We live on a planet on which many languages are spoken. I can walk out my front door in Brooklyn and hear people conversing in English, French, Creole, Hebrew, Arabic, Spanish, and languages I don't even recognize. The Internet is even more diverse than Brooklyn. A local doctor's office that sets up a storefront on the Web to sell vitamins may soon find itself shipping to customers whose native languages are Chinese, Gujarati, Turkish, German, Portuguese, or something else. There's no such thing as a local business on the Internet.
However, the first computers and the first programming languages were mostly designed by English-speaking programmers in countries where English was the native language. These programmers designed character sets that worked well for English text, though not much else. The preeminent such set is ASCII. Since ASCII is a 7-bit character set, each ASCII character can be represented as a single byte, signed or unsigned. Thus, it's natural for ASCII-based programming languages, such as C, to equate the character data type with the byte data type. In these languages, the same operations that read and write bytes also read and write characters.
Unfortunately, ASCII is inadequate for almost all non-English languages. It contains no cedillas, umlauts, betas, thorns, or any of the other thousands of non-English characters used around the world. Fairly shortly after the development of ASCII there was an explosion of extended character sets, each of which encoded the basic ASCII characters plus the additional characters needed for another language, such as Greek, Turkish, Arabic, Chinese, Japanese, or Russian. Many of these character sets are still used today, and much existing data is encoded in them.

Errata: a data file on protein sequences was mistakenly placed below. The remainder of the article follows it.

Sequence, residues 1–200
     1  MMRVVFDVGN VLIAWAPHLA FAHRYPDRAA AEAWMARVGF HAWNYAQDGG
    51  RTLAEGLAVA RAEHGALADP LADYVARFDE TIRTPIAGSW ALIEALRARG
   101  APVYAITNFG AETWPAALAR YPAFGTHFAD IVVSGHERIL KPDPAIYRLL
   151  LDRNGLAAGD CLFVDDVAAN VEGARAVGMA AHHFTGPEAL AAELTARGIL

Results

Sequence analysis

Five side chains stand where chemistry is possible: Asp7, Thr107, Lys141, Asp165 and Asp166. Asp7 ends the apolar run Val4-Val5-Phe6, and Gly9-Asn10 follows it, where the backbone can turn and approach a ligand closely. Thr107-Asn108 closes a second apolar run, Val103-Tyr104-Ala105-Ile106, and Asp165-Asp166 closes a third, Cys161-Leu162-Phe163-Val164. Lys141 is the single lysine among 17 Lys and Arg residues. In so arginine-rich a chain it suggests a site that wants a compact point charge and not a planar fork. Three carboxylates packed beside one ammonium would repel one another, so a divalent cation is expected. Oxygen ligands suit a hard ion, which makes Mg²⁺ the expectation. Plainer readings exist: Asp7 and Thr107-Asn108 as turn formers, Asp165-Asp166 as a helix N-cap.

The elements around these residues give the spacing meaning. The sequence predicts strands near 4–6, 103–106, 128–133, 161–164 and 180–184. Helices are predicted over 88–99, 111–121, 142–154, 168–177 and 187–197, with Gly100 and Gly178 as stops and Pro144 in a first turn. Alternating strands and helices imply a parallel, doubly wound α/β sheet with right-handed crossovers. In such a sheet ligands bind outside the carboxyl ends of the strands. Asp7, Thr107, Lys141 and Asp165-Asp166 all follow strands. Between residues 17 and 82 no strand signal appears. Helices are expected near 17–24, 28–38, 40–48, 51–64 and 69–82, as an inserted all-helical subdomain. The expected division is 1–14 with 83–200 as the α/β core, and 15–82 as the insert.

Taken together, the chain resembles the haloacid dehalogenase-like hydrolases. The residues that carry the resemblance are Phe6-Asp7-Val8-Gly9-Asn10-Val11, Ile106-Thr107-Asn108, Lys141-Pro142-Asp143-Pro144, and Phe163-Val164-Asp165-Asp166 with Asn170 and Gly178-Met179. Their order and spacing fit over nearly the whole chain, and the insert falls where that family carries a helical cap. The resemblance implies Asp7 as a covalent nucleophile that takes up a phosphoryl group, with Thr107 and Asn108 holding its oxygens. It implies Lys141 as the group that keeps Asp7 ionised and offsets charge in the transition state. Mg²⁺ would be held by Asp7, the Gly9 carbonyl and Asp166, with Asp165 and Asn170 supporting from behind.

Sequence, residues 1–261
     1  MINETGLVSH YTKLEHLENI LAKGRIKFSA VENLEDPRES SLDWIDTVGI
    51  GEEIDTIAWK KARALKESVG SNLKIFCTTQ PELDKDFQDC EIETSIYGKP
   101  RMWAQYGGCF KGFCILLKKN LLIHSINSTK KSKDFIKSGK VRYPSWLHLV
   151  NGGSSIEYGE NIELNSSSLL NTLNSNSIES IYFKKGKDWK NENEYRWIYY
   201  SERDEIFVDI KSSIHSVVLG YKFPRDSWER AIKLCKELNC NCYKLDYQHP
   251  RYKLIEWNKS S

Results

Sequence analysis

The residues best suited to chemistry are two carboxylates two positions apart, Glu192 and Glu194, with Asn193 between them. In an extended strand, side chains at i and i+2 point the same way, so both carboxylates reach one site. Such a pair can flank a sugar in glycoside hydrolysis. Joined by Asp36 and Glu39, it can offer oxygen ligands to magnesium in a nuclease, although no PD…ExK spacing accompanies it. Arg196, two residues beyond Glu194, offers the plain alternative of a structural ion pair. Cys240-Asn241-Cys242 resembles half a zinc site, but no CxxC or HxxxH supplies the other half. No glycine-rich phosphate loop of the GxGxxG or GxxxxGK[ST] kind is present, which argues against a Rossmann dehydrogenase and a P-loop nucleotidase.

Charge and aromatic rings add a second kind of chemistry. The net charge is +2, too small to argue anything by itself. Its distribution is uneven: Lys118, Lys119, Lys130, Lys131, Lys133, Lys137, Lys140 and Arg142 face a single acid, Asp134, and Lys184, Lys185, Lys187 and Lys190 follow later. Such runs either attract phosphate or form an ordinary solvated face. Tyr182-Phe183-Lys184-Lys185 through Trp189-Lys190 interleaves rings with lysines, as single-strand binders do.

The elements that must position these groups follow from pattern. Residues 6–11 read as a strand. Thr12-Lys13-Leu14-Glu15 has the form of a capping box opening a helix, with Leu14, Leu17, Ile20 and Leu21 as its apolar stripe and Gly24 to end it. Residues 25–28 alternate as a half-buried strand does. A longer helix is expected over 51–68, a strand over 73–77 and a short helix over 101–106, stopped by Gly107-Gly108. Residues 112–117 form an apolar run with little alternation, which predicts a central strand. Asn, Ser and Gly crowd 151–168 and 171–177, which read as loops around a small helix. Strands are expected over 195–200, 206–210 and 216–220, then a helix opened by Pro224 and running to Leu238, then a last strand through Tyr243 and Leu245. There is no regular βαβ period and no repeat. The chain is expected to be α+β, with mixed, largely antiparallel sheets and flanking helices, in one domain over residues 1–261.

However, these character sets are still inadequate for many needs. For one thing, most assume that you only want to encode English plus one other language. This makes it difficult for a Russian classicist to write a commentary on an ancient Greek text, for example. Furthermore, documents are limited by their character sets. Email sent from Morocco may become illegible in India if the sender is using an Arabic character set but the recipient is using Devanagari.
The Unicode character set is the end result of an ongoing international effort to create a single character set that everyone can use. Unicode supports the characters needed for English, Arabic, Cyrillic, Greek, Devanagari, and many other languages. Unicode isn't perfectthere are some omissions and redundanciesbut it is the most comprehensive character set yet devised for all the languages of planet Earth.
Java adopts Unicode as its native character set. Java chars and strings are Unicode (more specifically, the UTF-16 encoding of the Unicode character set). However, since there's also a lot of non-Unicode legacy text in the world, in a dizzying array of encodings, Java provides classes to read and write text in those encodings as well.
Streams in Memory
The File System
Working with Files
File Dialogs and Choosers
Character Sets and Unicode
Readers and Writers
Formatted I/O with java.text
The Java Communications API
The J2ME Generic Connection Framework